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Sooner Spectator Premier Issue Cover
Questions about Sooners' aura not surprising
OU looks at the big picture

It wasn’t a surprise, nor was it embraced, but Oklahoma players and coaches knew the subject would come up time and time again during the Big 12 Conference media days in Houston.

Forget about the microscope focused on the quarterback battle. Never mind the details of replacing departed All-Americans. That stuff made for lots of copy and chatter in the spring, but the trip to Houston was mostly about the big picture.

Lots and lots of big-picture questions directed at Bob Stoops, and there was little OU’s coach could do but smile and provide answers.

How can this program rebound from back-to-back national championship game losses?

Has the veil of invincibility been lifted from the once dominant Sooner program?

“Nobody is invincible,” replied Stoops to one such question. “Everybody knows that.”

The Sooners have known that since Kansas State put the first chink in the Stoops’ armor two seasons ago in the Big 12 Championship Game.

USC, some say, delivered an even more emphatic blow.

But the truth is, Oklahoma has been in this position before. Following the 2003 season, Kansas State supposedly delivered the blueprint to defeat Oklahoma. Every team apparently had that game plan on file. And the Sooners were expected to suffer greatly the following year.

But those claims of a Sooner downfall never materialized. Oklahoma put together another perfect regular season. With bumps in the road at Oklahoma State and Texas A&M, the Sooners still managed to put up massive offensive numbers.

Teams quickly went back to the drawing board trying to defend Oklahoma’s no-so-predictable offensive attack. The blueprint failed.

So here the Sooners sit heading into 2005. The blueprint to OU’s collapse now calls for a steady diet of downfield passing.

The OU defense, and particularly the secondary, apparently lost its way last season. It’s eerily similar to the things said about Oklahoma’s offensive attack heading into the 2004 campaign.

You could even feel others in the conference salivating at the possibilities this week in Houston.

“USC’s offense and the way they executed the West Coast offense is exactly what we’re doing,” Nebraska head coach Bill Callahan said in Houston. “It’s the same plays, the same concepts and the same techniques.”

Of course, USC has the personnel to produce a dangerous aerial attack. Last season in Norman, Nebraska appeared to have the type of talent to shorten the length of a football game through its running backs.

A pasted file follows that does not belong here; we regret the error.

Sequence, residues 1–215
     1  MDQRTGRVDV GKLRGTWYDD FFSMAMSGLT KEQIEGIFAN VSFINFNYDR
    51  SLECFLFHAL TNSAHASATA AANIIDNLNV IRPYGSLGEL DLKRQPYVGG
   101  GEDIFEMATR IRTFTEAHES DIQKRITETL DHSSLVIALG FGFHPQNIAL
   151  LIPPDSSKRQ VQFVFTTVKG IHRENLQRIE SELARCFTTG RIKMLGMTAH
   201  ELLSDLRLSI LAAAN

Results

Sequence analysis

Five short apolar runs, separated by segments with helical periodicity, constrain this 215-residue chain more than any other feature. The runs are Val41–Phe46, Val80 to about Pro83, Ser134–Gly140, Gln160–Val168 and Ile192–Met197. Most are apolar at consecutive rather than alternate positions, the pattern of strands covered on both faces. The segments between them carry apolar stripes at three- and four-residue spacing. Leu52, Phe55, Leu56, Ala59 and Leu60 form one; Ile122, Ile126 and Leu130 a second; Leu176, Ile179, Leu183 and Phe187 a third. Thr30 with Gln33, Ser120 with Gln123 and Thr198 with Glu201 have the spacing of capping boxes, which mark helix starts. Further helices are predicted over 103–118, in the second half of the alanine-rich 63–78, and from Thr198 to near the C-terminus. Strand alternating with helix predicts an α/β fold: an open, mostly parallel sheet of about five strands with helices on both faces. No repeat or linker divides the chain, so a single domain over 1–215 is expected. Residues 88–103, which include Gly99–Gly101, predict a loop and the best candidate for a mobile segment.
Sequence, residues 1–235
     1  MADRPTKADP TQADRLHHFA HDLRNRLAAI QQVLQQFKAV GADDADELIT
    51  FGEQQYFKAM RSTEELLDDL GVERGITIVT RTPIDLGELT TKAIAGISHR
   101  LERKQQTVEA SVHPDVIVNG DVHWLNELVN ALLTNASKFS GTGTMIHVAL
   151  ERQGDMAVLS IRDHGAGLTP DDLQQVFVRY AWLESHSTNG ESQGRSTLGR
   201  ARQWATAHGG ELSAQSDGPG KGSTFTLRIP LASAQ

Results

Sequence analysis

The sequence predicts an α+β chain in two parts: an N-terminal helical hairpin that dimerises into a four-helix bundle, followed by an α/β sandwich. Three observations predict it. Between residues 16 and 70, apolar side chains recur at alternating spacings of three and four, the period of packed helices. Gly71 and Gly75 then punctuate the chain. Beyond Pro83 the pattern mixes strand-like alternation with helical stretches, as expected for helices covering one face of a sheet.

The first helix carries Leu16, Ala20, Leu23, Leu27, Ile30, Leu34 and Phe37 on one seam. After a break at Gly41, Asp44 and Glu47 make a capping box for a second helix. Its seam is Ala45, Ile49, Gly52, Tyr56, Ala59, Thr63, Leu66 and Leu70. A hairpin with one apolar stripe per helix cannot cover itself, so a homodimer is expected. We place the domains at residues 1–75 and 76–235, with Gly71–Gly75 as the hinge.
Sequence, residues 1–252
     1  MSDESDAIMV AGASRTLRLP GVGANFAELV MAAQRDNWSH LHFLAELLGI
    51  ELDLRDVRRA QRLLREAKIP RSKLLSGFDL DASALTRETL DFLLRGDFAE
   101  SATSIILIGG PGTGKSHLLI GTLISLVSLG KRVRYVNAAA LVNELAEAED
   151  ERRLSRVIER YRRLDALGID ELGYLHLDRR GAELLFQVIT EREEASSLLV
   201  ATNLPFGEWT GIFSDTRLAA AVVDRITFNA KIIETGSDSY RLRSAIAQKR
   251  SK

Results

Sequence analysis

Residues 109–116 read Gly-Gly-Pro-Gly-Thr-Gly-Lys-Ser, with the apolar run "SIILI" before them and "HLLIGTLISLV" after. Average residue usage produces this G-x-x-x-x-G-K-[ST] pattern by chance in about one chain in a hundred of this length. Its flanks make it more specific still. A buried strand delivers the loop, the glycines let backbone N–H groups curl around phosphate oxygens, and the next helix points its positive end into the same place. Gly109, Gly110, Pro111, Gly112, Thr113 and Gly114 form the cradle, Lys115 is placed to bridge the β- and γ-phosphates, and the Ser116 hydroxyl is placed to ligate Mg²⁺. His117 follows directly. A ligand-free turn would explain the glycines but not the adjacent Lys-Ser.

There is plenty of talk about Oklahoma’s vulnerabilities, but there are very few teams capable of acting on that conjecture.

The Texas Longhorns enter 2005 as the favorites to win the South division. This is the same Texas team that has fallen to Oklahoma five straight times in the Cotton Bowl.

In fact, the No. 1 argument for Texas’ selection to overtake the Sooners seems to center around the law of averages, rather than the coaches' or the players' abilities.

Even so, this wasn’t a Sooner crew full of braggadocio in Houston. OU players have been humbled by the experiences of the last two seasons. Stoops has been humbled by lopsided losses when they mattered.

The years of dominance following the Sooners’ triumphant return to national prominence in 2000, the stellar record of Stoops in big game matchups — all of that talk has been replaced with questions about negative endings to outstanding seasons.

If the past two seasons have done anything to the OU program, the have taken away some of the swagger.

In its place, a sense of reality has taken hold. There are fewer absolutes and more uncertainties. And unfortunately, this program can’t start another season with a blank canvas.

“We don’t accept failure,” said senior linebacker Clint Ingram. “It may happen, but it’s not something we’re going to accept. It’s not something that will ever be cool with us.”

This group of Sooners knows that success is earned, it’s chased and it’s demanded. But it also knows success is not guaranteed.

The Sooners have a plan of their own. And they know the only way to quiet the questions of their imminent demise is to go out and earn their way yet again.

“Each year is different, each team is different,” said Stoops. “I have said it a bunch of times. You earn your way every time. You are going to line up and nobody thinks you are invincible. That’s just talk out there. I don’t think it much matters. We are going to go play and compete like we always do.”

For now, that’s all that can be done. As for the big picture, this group is just happy to get back on the field and away from those questions in an effort to quiet the critics once again.

If the Sooners plan to calm the storm surrounding their program, it’s clear a work of art is needed once again in 2005, especially where the Big Picture is concerned.